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Pacemaker therapy halves heart failure deaths

Using specialized pacemakers to recharge the weakened hearts of heart failure patients can halve the death rate from the disease and reduce hospitalizations by nearly a third, a Johns Hopkins study has found.

Results of the study, which analyzed clinical trials of pacemaker therapy for heart failure involving a total of 1,634 patients, are published in the Feb. 12 issue of The Journal of the American Medical Association.

"The devices range in cost from $20,000 to $50,000," says lead author David J. Bradley, M.D., Ph.D., a cardiology fellow. "These specialized pacemakers have been known to improve the quality of life for heart failure patients, but whether they also save lives had been unclear."

Heart failure accounts for more than 700,000 hospitalizations among Medicare beneficiaries every year, Bradley says. In the year 2000, hospitalization charges amounted to $14 billion. Half of deaths among these patients are caused by progressive cardiac dysfunction, which pacemakers help correct by stimulating the heart muscle to contract, pumping blood to the body.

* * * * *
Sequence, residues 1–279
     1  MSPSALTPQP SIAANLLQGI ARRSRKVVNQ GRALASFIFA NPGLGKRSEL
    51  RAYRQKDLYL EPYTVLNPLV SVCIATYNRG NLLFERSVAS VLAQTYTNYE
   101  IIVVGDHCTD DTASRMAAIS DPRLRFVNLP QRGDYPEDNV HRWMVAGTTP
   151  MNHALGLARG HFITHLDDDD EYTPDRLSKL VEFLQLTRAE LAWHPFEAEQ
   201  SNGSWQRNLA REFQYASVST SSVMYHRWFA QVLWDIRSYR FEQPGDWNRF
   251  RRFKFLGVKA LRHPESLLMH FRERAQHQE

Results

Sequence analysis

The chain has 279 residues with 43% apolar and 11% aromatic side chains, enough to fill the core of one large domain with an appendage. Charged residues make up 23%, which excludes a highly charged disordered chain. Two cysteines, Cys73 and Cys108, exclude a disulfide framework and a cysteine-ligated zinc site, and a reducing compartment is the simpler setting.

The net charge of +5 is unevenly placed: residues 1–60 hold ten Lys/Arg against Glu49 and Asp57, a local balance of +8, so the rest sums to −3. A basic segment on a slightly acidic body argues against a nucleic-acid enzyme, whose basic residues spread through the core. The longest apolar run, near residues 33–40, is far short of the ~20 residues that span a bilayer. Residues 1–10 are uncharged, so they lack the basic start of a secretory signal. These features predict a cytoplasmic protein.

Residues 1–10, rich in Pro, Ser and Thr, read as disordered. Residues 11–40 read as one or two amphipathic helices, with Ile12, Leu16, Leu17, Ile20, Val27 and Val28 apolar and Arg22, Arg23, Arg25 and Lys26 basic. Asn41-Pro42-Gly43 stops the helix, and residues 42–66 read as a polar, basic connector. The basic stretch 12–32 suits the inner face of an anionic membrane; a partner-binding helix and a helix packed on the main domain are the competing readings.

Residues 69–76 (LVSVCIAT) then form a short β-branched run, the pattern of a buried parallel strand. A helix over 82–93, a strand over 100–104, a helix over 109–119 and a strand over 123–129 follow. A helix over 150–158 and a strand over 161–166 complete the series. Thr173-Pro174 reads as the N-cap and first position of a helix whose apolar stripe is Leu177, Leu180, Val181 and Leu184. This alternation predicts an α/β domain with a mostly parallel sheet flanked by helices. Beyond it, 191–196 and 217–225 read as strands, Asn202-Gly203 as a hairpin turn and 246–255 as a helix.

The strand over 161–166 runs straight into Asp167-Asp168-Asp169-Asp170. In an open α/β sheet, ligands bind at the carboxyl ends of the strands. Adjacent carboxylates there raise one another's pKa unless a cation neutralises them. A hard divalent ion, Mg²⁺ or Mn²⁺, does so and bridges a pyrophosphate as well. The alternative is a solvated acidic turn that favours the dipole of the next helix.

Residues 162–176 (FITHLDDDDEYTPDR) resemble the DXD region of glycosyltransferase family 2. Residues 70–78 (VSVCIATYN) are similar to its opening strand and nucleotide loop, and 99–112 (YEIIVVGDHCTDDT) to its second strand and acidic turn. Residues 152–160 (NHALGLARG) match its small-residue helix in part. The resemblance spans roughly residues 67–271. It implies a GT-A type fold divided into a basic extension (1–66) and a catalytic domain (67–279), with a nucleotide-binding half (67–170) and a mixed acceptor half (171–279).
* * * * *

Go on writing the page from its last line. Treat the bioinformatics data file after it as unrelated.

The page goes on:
Heart failure, which affects nearly 5 million people in the United States, is a condition in which the heart can't pump enough blood to the body's other organs. This can result from assorted problems including heart attack, high blood pressure or heart valve disease. The "failing" heart keeps working but not as efficiently as it should. People with heart failure can't exert themselves because they become short of breath and tired.

Advances in technology have increased the number of people diagnosed with heart failure each year, says senior author Neil R. Powe, M.D., M.P.H., director of Johns Hopkins' Welch Center for Prevention, Epidemiology and Clinical Research. About 550,000 new patients are diagnosed annually, he says.

"We can often save heart attack patients with drugs like thrombolytics or with angioplasty, but they survive with weakened hearts, and ofte
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Contact: John Lazarou
jlazaro1@jhmi.edu
410-502-8902
Johns Hopkins Medical Institutions
11-Feb-2003


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